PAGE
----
Sister chromatid cohesion refers to the process by which sister chromatids are paired and held together during certain phases of the cell cycle. During S phase, not only does DNA have to be replicated, but also newly synthesized DNA molecules have to be connected with each other. Establishment of sister chromatid cohesion is the process by which chromatin-associated cohesin protein becomes competent to physically bind together the sister chromatids. This sister chromatid cohesion is essential for the biorientation of chromosomes on the mitotic or meiotic spindle, and is thus an essential prerequisite for chromosome segregation.
Sister chromatid cohesion provides cells with the ability to determine chromosome identity, as sister chromatids are identical and therefore need to be pulled to opposite poles. Moreover, sister chromatid cohesion provides the counterforce that resist the pulling force of the spindle, thus preventing premature sister chromatid separation, and random chromosome segregation. Cohesin is also essential for the correct geometry of the kinetochore region which promotes effective, stable capture of the kinetochores by the mitotic spindle, leading to the biorientation of chromosomes during metaphase.
Structure of Cohesin Complex
Figure 1. The cohesin complex and its associated proteins. (Horsfield, J.A., et al. 2012)
The protein complex responsible for the pairing of replicated chromosomes is called cohesin. Cohesin is a tripartite ring complex, which topologically entraps replicated DNA molecules keeping them together until the onset of anaphase. The core of this ring complex is composed out of three molecules: SMC 1, SMC 3 (structural maintenance of chromosomes), and the kleisin subunit Rad21/Scc1. Additional proteins directly associate with the cohesion complex (Scc3/SA, Pds5, WAPL, Sororin) and are thought to have critical roles in cohesin dynamics, and consequently mitotic fidelity.
The most popular, and soundly tested cohesin model postulates that cohesion keeps sister chromatids together by entrapping sister DNA fibers within the same cohesin ring. Cohesin rings are about 40 nm in diameter thus providing sufficient space for enclosing two 11 nm chromatin fibers. Other models have been proposed, such as the “handcuff” model, in which cohesion is mediated by two interlinked cohesion complexes, each entrapping its own DNA fiber. In either case, solid evidence supports that cohesin's interaction with DNA is of a topological nature, emphasizing that regulation of cohesin binding and function relies on the opening and closing the interphases between the core components.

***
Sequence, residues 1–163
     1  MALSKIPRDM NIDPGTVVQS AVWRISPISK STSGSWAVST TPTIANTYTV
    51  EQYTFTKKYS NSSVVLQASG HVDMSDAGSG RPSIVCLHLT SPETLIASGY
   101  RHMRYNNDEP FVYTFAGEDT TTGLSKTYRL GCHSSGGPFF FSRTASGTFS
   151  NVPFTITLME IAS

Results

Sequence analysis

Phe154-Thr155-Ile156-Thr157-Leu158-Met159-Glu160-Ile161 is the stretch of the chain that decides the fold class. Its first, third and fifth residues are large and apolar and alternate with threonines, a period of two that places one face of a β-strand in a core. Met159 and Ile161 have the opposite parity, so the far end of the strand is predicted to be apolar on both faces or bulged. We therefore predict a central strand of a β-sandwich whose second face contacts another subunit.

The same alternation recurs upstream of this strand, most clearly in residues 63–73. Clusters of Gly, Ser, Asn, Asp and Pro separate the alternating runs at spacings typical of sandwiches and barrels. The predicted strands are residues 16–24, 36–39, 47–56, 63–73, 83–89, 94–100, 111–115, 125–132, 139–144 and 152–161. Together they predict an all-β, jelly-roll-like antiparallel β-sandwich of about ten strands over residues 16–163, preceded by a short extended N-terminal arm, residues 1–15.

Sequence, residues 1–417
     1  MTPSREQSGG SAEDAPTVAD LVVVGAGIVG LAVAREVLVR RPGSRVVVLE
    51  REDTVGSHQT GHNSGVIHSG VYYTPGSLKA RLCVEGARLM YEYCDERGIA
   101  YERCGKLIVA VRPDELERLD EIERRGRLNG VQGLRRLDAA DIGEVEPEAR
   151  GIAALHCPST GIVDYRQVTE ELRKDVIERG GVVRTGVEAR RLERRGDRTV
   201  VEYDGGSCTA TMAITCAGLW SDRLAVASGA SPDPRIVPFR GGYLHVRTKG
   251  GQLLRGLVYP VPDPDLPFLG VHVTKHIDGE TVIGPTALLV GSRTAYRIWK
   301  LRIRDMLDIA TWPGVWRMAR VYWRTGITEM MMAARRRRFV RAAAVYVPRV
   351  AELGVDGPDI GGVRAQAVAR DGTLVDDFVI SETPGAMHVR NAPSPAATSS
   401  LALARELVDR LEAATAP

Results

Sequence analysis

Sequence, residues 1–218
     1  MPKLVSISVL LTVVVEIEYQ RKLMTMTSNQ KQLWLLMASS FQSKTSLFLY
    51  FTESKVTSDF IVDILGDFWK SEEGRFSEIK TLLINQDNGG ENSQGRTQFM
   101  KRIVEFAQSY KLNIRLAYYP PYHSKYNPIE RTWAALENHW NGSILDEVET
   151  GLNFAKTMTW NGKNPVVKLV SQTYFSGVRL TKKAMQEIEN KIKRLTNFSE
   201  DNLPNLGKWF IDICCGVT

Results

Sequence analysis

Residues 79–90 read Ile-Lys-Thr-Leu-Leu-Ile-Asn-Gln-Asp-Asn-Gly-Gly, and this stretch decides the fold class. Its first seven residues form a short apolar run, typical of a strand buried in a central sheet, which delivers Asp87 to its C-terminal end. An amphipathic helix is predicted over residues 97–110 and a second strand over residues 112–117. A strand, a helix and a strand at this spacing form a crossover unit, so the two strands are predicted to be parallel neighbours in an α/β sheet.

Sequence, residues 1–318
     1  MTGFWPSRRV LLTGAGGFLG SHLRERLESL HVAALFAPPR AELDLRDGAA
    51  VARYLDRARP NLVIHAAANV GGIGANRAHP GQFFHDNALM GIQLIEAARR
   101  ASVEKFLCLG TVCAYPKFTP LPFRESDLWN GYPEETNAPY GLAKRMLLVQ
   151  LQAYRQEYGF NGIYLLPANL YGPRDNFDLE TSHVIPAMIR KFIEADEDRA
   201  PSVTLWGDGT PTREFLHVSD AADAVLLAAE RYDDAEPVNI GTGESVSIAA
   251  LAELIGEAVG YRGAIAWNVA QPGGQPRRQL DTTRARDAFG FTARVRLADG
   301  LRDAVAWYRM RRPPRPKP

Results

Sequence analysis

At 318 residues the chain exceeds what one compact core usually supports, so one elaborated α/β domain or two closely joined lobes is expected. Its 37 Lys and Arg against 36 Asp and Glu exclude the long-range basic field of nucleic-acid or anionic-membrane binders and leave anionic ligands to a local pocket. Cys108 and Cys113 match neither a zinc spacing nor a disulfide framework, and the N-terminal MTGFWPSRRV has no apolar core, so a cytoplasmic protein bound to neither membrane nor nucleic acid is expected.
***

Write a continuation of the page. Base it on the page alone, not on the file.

The Cohesin Cycle
Figure 2. Cohesin loading and turnover. (Black, B.E. 2017)
Cohesin loading onto chromatin is dependent on a two-protein complex known as Scc2/4, also known as NIPBL/MAU-2. The Scc2/Scc4 loading complex is essential for sister chromatid cohesion during G1/S phase, but not during G2. This would entail that the Scc2/Scc4 has a primary function of loading cohesin onto the chromatin, but not in its stabilization or maintenance. Given the ring-like architecture of cohesin, its loading onto chromatin requires opening of the ring.
Sites of cohesin loading do not necessarily coincide with cohesin's accumulation sites. This is mostly due to the fact that once loaded, cohesin complexes can slide on the DNA molecule. Additionally, before DNA replication, the cohesion molecules display a highly dynamic association with DNA. Dissociation of cohesin from un-replicated DNA molecules is mediated by Wings-apart like protein (WAPL). Upon binding to the cohesin complex, WAPL removes cohesin from chromatin by disrupting the interface between SMC3 and Rad21/Scc1 subunits.
Figure 3. Cohesion establishment during S phase. (Black, B.E. 2017)
Cohesin establishment occurs during replication, at the time the newly replicated DNA molecule is being formed. Disruption of cohesin loading during G1 results in sister chromatid defects, while disruption during G2 does not. This means that the“effective” cohesion is established during S phase, during DNA replication. At the onset of replication, the dynamic properties of cohesin turnover change and a new pool of stable, “cohesive” cohesin can be identified by FRAP. Stabilization of cohesin complexes upon replication depends on the Eco1 acetyl transferase. This enzyme acetylates cohesin associated with replicated DNA at specific lysine residues on SMC3 and failure to acetylate leads to cohesion defects and cell death. SMC3 acetylation during the S phase has also been shown to confer cohesin protection by aiding the recruitment of Sororin, which favors cohesion establishment by protecting acetylated cohesion complexes from WAPL-mediated removal.